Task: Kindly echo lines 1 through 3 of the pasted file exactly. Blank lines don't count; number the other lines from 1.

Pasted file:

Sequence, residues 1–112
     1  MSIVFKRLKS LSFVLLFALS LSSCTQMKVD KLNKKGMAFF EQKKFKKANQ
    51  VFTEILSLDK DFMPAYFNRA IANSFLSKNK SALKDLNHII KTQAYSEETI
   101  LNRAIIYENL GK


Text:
Sequence, residues 1–112
     1  MSIVFKRLKS LSFVLLFALS LSSCTQMKVD KLNKKGMAFF EQKKFKKANQ
    51  VFTEILSLDK DFMPAYFNRA IANSFLSKNK SALKDLNHII KTQAYSEETI